Depersonalization disorder is indicated by a person feeling detached, disconnected from their own thoughts and emotions. People facing it usually affirm that they feel like they are watching themselves from the outside as if they’re watching a movie and are no longer in control of their own actions. Their perspective on their own bodies is distorted, as they visualize them differently regarding shapes and sizes. In extreme situations, they cannot even recognize themselves while looking in the mirror. Typically, this psychological disorder’s symptoms are difficulties in concentration and memory loss.

Dissociative identity disorder (DID) (previously called multiple personality disorder) is constantly disputed among mental health specialists, as it is truly the most controversial dissociative disorder.  Due to stressful situations and traumatic events, a person can develop multiple personality states, which means they behave like different people at different times, often changing their identity, perspective of life, opinions, and even voice tones. An individual affected by dissociative identity disorder is not aware of the personality shifts, as they simply consider their memory gaps. Most times, a person suffering from this disorder has dissociative amnesia as well. It is considered to be the most severe type of dissociative disorder.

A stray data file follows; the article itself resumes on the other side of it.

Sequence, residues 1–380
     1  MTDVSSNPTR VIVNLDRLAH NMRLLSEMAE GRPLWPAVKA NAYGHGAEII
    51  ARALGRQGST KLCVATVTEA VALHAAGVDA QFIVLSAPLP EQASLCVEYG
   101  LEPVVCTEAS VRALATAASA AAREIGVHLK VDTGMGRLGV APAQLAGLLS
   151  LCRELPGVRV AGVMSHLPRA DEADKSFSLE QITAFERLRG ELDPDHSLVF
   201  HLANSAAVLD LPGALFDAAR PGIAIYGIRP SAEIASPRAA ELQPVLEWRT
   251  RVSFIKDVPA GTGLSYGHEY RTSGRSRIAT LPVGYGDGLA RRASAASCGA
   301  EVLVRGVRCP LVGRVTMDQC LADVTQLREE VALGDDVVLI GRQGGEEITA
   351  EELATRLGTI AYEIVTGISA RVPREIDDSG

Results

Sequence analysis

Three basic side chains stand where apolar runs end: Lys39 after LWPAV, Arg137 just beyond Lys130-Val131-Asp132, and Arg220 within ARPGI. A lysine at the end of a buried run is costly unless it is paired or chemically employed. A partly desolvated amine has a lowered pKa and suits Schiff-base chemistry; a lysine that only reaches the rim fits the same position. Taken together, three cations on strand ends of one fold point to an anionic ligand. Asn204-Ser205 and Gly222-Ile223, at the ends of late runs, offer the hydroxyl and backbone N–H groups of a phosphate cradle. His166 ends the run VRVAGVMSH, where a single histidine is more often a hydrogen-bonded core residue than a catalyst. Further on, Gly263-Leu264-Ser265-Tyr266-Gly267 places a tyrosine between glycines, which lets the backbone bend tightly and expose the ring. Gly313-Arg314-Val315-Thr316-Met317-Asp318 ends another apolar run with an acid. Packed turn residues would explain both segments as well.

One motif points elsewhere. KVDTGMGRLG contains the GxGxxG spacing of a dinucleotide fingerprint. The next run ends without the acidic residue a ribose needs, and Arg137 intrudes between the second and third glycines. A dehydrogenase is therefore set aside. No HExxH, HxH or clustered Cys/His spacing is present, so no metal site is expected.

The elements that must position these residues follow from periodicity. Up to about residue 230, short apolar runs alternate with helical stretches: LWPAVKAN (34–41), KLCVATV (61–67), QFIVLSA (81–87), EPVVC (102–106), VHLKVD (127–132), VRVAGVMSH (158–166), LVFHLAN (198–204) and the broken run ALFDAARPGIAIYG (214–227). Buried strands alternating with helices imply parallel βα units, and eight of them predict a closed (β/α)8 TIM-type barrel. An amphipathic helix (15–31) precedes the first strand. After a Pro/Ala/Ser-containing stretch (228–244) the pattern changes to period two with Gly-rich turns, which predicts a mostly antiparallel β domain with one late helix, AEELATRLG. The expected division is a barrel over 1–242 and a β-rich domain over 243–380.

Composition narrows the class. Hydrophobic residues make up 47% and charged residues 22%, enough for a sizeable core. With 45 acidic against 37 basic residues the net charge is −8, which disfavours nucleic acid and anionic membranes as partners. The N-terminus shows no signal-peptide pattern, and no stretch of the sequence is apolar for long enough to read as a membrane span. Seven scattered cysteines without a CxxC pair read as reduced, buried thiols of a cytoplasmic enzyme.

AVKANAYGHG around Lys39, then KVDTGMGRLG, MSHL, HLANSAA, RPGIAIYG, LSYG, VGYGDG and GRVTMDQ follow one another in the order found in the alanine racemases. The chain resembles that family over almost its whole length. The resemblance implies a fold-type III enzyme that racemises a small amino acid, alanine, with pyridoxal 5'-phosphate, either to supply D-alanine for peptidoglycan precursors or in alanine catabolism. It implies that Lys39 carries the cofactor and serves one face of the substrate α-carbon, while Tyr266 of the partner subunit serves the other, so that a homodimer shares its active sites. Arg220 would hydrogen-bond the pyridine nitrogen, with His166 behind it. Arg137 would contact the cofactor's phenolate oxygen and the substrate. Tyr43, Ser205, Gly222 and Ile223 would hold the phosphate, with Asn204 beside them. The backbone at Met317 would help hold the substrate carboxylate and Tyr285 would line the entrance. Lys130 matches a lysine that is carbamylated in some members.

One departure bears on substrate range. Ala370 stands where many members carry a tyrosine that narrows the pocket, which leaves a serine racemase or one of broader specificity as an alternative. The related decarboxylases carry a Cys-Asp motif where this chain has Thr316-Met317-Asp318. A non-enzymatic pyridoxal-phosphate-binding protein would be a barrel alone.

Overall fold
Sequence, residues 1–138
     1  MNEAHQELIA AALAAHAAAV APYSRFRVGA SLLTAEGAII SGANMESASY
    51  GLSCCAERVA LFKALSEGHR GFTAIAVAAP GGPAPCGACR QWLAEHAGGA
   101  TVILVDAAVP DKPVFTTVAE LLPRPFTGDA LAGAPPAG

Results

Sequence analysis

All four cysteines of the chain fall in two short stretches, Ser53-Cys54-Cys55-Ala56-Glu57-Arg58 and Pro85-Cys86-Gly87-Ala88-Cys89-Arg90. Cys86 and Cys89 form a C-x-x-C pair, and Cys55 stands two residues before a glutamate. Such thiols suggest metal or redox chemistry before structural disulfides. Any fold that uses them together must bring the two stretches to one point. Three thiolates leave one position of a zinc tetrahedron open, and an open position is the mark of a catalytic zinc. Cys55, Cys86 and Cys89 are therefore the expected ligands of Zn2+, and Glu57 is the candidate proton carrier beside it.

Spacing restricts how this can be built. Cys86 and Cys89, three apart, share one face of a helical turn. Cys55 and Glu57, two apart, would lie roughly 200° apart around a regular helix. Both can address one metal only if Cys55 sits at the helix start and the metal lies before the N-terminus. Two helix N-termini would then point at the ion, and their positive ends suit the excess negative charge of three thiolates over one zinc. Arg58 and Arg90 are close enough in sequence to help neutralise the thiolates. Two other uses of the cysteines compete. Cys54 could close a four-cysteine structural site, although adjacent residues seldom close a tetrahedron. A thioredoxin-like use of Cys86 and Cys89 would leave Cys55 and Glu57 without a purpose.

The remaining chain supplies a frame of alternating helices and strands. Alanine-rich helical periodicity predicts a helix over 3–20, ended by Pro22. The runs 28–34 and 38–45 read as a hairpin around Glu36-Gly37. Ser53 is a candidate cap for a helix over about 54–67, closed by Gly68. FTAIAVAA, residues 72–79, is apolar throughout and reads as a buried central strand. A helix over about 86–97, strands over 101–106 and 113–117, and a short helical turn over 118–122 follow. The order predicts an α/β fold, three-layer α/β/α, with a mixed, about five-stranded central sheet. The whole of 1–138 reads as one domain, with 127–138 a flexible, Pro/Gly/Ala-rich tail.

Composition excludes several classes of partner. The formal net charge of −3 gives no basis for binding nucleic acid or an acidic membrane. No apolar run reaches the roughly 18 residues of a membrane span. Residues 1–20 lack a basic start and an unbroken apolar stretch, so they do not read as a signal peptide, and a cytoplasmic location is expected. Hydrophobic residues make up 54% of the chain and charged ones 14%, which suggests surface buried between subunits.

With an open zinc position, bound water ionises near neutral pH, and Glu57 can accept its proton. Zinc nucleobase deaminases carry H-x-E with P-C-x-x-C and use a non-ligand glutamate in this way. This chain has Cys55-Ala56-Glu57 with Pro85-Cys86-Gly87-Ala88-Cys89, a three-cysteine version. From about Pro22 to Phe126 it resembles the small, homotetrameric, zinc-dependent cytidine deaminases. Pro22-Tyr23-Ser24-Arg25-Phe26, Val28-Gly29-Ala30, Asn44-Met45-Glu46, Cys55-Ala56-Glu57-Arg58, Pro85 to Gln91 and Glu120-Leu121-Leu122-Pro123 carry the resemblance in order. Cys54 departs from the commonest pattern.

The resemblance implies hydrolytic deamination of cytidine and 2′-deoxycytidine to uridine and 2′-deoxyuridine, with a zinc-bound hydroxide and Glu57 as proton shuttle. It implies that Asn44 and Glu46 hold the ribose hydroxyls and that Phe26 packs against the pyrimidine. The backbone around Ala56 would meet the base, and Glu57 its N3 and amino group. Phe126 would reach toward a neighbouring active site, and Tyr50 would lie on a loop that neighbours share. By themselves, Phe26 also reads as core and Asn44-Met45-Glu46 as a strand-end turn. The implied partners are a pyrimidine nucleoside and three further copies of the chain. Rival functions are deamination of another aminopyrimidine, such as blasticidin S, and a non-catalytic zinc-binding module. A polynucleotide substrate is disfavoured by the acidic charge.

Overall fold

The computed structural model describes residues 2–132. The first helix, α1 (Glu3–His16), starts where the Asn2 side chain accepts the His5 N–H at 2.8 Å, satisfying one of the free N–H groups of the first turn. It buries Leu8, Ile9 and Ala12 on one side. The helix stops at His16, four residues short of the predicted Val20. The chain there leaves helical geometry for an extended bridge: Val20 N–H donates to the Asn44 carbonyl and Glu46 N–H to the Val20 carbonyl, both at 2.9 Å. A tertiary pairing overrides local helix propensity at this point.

Dissociative seizures

Also known as non-epileptic seizures, these are often mistaken for epilepsy, which is why many professionals find diagnosing it a challenge since epilepsy medication can have unwanted side effects. Most patients experience dissociative seizures a while after the epileptic ones, or might even face both at the same time. However, their causes are different. Epileptic seizures are caused by the abnormal electrical activity of the brain, while dissociative ones are linked to psychological traumas.

The treatment for dissociative seizures is similar to the one for other dissociative disorders, consisting of counseling and medication.

Double dissociation happens when two related mental processes (an example would be speech and language comprehension) function independently of each other (which means someone can understand a language perfectly and still be unable to speak it).


Signs of dissociation

As mental health is extremely important, it is recommended to pay attention to any warning signs you and the people around show. It is possible for a person to have a dissociative disorder and not be aware of it. These signs include fast and unexpected mood swings, issues remembering details from the past, personality state changes, mental health conditions such as anxiety and depression, panic attacks, self-harm or thoughts of self-harm, or any type of substance abuse.

Since children may develop dissociation disorders easily due to unfriendly environments, it is important to watch out for signs as being spacey, zoning out, having imaginary friends or any type of memory loss, for example, forgetting something they said or did in a short amount of time.


Triggers and flashbacks while experiencing dissociation

A person that usually dissociates or suffers from a dissociative disorder can easily be triggered by a visual image, a specific sound, taste, smell, or even a simple touch. A trigger is defined as a reminder of a traumatic event that has happened. If being triggered, an individual may experience a flashback consisting of vivid terrible memories of the incident coming back and it can cause some people to shift identities, especially the ones suffering from dissociative identity disorder (DID).


Diagnosis of dissociation